International Journal of Clinical Pharmacy

, Volume 35, Issue 4, pp 513–519 | Cite as

Pharmaceutical follow-up for patients on rituximab therapy for non-Hodgkin lymphoma: what is the evidence?

  • Vanessa HegeleEmail author
  • Paula Stoll
  • Diego Wüst
  • Guilherme Ehrenbrink
  • Luiza Raquel Grazziotin
  • Juliana Prohonoski Caregnato
  • Luciane Pereira Lindenmeyer
Review Article


Background Introduction of the monoclonal antibody rituximab to chemotherapy regimens has substantially improved disease-free and overall survival in patients with non-Hodgkin lymphomas (NHL). The short-term safety of this drug has been widely reported, but there are few data on long-term safety, which suggests that these patients require prolonged follow-up. Aim of the review To review the literature on follow-up models, with a focus on the safety of rituximab therapy for diffuse large B-cell lymphoma and follicular lymphoma. Method The Cochrane Library, Embassy, Lilacs, Medline, and Scirus databases were searched for systematic reviews and randomized controlled trials. Furthermore, textbooks and journals on pharmaceutical care and institutional websites were searched for patient management recommendations. The outcomes were follow-up models and grade 3, 4, and 5 adverse reactions. Results Five systematic reviews and eight clinical trials or updates describing patient follow-up or reporting adverse reactions were identified. Only one systematic review and seven clinical trials reported follow-up routines for patients receiving rituximab, including information on staging, frequency of reassessment, and laboratory tests, as well as pre-infusion care and management of acute or delayed adverse reactions. Five systematic reviews and four clinical trials reported data on statistically significant adverse reactions (fever, leukopenia, infection). Four guidelines or institutional protocols for treatment and follow-up were identified, as well as seven studies describing experiences in the implementation of pharmaceutical care for oncology patients, but none were specifically focused on follow-up of patients receiving rituximab for NHL. Conclusion Although some systematic reviews and clinical trials contain guidance on follow-up of patients receiving rituximab for NHL, there are no validated strategies for systematic follow-up of these patients with a focus on safety. As there are few data on long-term safety profile of these novel treatments, monitoring strategies should be developed and implemented to ensure safe and optimized use of drugs recently added to the therapeutic arsenal of clinical oncology.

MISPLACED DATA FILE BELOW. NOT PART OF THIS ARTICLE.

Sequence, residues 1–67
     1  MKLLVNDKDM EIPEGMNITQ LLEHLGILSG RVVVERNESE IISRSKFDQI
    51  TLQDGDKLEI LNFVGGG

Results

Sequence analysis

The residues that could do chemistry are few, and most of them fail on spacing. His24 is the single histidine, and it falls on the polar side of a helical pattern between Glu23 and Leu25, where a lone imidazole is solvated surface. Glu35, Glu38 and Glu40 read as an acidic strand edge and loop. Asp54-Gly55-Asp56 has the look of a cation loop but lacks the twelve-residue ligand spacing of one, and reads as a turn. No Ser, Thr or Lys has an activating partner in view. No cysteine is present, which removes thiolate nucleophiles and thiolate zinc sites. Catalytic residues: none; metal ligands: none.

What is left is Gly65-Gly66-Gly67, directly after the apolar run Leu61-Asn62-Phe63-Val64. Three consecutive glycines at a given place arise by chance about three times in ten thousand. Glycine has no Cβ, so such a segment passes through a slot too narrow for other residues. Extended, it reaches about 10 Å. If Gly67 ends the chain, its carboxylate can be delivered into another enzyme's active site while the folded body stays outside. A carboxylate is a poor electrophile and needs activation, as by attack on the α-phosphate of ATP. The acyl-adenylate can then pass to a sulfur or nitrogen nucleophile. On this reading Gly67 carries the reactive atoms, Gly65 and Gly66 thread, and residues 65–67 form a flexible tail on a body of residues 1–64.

Adverse drug reaction Drug-related problem Hematology Non-Hodgkin’s lymphoma Oncology Pharmaceutical care Pharmacovigilance Rituximab 



To the care team oncology and hematology at the Hospital Nossa Senhora da Conceição, Grupo Hospitalar Conceição, Ministry of Health, Brazil.


Brazilian National Health Surveillance Agency (Anvisa).

Conflicts of interest



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Copyright information

© Springer Science+Business Media Dordrecht 2013

Authors and Affiliations

  • Vanessa Hegele
    • 1
    Email author
  • Paula Stoll
    • 1
  • Diego Wüst
    • 1
  • Guilherme Ehrenbrink
    • 1
  • Luiza Raquel Grazziotin
    • 1
  • Juliana Prohonoski Caregnato
    • 1
  • Luciane Pereira Lindenmeyer
    • 1
  1. 1.Grupo Hospitalar ConceiçãoPorto AlegreBrazil

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